Who Created God?

If God created the universe, then where did God come from? Doesn’t everything, including God, have to come from something else? If so, who created God?

Most people lead busy lives and spend most of their time dealing with the immediate challenges of their everyday routines. And yet, in the quiet and unhurried moments of life, nearly everyone has wondered about big, timeless issues:

“Where did I come from? In fact, where did everyone and everything come from? Things don’t just happen by themselves, do they? Doesn’t everything come from something else? Doesn’t every effect have a cause?”

For some, the questions go even further. “Does that apply even to God? Did something, or someone, cause God? Who created God?”

A simple example

In addressing these questions, let’s begin by considering a simple example. You look at the back yard of your home—the same home you have lived in all your life. You see a large, mature oak tree. It’s your favorite tree. You are impressed by its size and beauty. You love that tree.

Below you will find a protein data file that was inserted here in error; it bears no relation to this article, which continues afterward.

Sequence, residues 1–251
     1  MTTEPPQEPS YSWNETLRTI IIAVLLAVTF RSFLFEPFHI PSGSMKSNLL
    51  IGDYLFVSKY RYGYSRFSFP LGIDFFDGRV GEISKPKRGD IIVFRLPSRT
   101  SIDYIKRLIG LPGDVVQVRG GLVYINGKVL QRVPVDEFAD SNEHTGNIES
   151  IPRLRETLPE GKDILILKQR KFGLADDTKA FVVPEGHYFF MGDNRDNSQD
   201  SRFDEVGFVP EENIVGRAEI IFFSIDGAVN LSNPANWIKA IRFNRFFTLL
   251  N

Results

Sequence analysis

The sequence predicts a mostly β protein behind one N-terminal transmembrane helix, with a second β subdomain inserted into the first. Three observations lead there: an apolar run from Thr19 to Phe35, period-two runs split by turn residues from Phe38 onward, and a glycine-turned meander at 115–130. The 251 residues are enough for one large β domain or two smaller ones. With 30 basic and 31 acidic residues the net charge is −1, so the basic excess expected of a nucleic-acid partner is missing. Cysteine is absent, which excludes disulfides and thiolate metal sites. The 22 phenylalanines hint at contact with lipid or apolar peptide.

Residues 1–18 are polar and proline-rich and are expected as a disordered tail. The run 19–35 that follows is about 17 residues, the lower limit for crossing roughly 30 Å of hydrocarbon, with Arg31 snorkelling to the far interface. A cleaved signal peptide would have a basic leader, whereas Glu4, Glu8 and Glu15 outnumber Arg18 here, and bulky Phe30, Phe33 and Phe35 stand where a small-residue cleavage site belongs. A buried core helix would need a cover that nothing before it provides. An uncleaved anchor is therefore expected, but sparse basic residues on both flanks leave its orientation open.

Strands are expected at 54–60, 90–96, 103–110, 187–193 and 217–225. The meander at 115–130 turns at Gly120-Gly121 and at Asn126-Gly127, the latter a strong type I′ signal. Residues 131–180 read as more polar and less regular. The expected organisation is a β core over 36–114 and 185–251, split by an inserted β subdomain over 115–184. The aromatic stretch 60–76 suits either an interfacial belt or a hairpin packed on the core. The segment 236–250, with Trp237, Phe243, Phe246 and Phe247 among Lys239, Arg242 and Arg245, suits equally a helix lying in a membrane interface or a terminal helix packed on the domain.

If someone, perhaps a small child, asked you whether that tree had always been there, you would be confident that the answer is, “No, of course not!” Perhaps you are old enough to remember when that particular tree was not there at all. You know that it grew out of the ground, from an acorn. Perhaps, many years ago, you even saw a squirrel bury an acorn right in that spot, and shortly after that, the tree began to grow. The effect (the tree) has a cause (the seed, the acorn).

If the child persisted and asked, “Well, where did the acorn come from?” you would answer, “The acorn came from another oak tree.” The conversation could go on for a while, but the pattern has already been set. Oak trees produce acorns, which produce oak trees, which produce acorns. …

Has it always been this way?

But has it always been this way? Is this an eternal pattern—an eternal sequence? Have there always been oak trees and acorns? Did one of them have no beginning? The answer to these questions is the same—from science and the Bible. The answer is no.

Scientists, even those who do not believe in the divine inspiration of the Bible, even those who have no religious belief at all, would confidently answer that there have not always been acorns and oak trees. They might differ as to when exactly the sequence began, but they agree that it had a beginning. That is because they believe that all things in the physical realm—including oak trees and acorns—had a beginning.